Reading the September copy of The Atlantic, an American magazine I hadn’t previously attended to, I am struck by the common challenges of Britain, the USA and Germany. If, as we frequently read, emerging democratic countries mark their progress economically and politically by a growing middle class, how should such established democracies maintain their own middle classes?

In an interesting article by one Don Peck entitled ‘Can the middle class be saved?’, a range of statistics are examined that indicate the decline of the middle classes in the USA. As in the UK, the rich are riding out what Peck calls the ‘Great Recession’ and doing OK out of it; the middle class is being squeezed; the category of the poor is increasing. Citigroup studies from as far back as 2005 speak of ‘the rich and the rest’.


The article covers a range of analyses and offers suggestions for growing the middle classes – some of which sound very familiar. The most interesting for a non-economist like me have to do with education. You have to read the whole article to get the whole picture, but Peck is clear that American schools need to get away from the target culture in which achievement is gauged purely by tests which then determine the teaching goals in schools. He states that: “Among the more pernicious aspects of the meritocracy as we now understand it in the United States is the equation of merit with test-taking success, and the corresponding belief that those who struggle in the classroom should expect to achieve little outside it. Progress along the meritocratic path has become measurable from a very early age. This is narrow way of looking at human potential, and it badly underserves a large portion of the population.”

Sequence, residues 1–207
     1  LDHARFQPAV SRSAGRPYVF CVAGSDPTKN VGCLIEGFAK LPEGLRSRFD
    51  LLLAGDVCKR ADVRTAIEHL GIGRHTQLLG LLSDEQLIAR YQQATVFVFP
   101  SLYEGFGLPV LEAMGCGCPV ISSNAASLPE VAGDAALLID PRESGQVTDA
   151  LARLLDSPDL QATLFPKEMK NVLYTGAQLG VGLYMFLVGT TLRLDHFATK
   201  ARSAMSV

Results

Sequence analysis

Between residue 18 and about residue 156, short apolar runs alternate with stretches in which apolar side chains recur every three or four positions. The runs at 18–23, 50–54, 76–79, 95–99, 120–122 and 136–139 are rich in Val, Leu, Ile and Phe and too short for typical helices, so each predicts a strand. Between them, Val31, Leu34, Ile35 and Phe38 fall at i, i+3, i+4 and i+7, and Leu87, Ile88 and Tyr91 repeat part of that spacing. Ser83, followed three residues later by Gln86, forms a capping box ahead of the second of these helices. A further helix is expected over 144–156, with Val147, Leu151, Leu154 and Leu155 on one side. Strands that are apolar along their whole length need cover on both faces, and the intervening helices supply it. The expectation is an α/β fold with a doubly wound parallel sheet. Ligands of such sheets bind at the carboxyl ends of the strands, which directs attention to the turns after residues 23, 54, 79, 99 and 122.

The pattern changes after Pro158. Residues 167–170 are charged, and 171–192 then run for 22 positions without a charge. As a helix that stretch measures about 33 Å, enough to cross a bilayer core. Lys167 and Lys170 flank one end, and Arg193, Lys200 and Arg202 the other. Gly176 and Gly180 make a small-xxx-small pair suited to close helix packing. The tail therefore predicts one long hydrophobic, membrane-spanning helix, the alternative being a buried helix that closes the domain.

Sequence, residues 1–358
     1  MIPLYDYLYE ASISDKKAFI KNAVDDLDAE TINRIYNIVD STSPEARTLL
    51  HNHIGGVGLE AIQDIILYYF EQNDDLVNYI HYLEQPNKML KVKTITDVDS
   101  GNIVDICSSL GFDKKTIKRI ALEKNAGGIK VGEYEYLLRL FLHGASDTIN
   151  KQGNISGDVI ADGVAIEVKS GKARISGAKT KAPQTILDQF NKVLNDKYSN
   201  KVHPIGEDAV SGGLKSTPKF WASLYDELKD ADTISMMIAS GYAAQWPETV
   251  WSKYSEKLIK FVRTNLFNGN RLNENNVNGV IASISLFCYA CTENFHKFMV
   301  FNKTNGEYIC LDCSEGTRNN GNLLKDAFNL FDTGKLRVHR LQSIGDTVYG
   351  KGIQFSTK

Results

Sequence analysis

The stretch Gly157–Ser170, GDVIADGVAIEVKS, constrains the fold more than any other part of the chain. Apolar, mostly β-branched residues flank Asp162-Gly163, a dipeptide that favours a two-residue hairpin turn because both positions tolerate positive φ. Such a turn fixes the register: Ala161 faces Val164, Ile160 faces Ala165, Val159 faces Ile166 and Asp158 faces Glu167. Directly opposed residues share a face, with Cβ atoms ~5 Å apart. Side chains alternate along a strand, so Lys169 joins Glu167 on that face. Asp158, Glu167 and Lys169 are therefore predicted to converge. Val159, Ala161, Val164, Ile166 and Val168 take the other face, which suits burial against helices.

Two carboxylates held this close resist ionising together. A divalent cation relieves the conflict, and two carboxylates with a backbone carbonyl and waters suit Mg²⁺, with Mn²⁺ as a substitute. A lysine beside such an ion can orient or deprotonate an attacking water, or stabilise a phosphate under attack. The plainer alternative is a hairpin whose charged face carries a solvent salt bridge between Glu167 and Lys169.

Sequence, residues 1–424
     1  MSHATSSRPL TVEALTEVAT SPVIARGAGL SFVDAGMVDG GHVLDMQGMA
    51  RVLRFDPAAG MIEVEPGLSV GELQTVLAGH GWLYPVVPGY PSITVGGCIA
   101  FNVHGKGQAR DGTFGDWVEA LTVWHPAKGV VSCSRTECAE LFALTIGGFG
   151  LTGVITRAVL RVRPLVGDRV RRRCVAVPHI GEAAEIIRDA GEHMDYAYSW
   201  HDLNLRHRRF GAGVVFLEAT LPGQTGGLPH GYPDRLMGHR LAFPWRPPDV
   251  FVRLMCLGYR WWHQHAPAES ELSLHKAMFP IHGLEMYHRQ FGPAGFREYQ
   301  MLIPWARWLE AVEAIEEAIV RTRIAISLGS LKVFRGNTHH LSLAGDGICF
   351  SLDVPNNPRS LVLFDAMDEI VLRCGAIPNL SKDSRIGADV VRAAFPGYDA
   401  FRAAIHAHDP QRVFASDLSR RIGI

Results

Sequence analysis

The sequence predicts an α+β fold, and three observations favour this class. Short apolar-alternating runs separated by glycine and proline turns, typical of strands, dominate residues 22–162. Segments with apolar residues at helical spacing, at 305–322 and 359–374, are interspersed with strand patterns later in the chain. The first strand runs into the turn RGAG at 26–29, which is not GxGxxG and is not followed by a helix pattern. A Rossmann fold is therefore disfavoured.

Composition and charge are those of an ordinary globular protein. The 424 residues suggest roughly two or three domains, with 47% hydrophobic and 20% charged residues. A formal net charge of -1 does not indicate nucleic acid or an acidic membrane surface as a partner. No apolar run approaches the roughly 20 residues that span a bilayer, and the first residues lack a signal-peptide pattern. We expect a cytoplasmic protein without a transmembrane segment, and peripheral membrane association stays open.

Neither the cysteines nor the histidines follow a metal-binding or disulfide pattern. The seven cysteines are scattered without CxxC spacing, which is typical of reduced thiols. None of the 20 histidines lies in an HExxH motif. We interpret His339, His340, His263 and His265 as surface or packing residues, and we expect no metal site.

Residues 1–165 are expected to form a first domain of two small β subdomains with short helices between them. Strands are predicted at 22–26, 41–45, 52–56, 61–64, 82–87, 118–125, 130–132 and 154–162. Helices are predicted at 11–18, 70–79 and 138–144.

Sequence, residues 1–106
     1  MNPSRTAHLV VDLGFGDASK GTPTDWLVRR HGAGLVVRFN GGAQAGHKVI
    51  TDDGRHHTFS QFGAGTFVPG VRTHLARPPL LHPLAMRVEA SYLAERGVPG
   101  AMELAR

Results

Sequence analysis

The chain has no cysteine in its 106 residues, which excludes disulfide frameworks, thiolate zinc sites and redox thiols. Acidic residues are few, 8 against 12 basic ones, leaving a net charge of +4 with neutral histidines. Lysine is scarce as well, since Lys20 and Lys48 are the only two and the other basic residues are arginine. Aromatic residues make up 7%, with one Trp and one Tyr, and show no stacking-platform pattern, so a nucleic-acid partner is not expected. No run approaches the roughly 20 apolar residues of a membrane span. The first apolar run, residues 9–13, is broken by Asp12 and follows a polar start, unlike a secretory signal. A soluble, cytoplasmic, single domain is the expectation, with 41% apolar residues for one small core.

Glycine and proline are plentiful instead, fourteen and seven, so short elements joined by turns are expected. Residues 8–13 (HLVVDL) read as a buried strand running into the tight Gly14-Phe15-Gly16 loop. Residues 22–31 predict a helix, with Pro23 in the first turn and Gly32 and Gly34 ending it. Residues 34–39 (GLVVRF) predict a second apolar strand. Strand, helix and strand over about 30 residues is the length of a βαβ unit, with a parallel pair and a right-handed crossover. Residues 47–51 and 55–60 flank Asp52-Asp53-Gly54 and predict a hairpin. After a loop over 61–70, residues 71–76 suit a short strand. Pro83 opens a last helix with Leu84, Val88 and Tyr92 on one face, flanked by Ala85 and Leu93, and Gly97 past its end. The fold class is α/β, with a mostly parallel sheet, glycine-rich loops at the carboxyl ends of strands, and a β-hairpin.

Later he goes on to observe: “‘Vocational training’ programs have a bad name in the United States, in part because many people assume they close off the possibility of higher education. But, in fact, career-academy students go on to earn a postsecondary credential at the same rate as other high-school students. What’s more, they develop firmer roots in the job market, whether or not they go on to college or community college. One recent major study showed that on average, men who attended career academies were earning significantly more than those who attended regular high schools, both four and eight years after graduation. They were also 33 percent more likely to be married and 36 percent less likely to be absentee fathers.”

Does this say anything to us about longer-term investment needs in the UK in order to turn around the sort of young people who we recently saw expressing their lack of investment in their own society (with all the familiar consequences in relation to employment, family stability, etc.)?

I have always deplored the move begun thirty years ago to homogenise higher education by allowing every institution to become a university and, therefore, removing the honourable distinction between academic and ‘vocational’ educational paths. Polytechnics were important and distinctive institutions and differed in aim and culture from universities. This only helped the demise of dignity in practical professions and manual labour. Apprenticeships began to disappear in the push for instant qualification.

In countries like Germany the distinction has been maintained. If we were able to invest in the recovery of this distinction in the UK, we might create a longer-term culture and mentality – incentive, even – for young people to be valued for what they can do and not according to criteria which do not do justice to everyone.

Those statistics regarding consequent marital and family stability bear some reflection.

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Location:Philadelphia, USA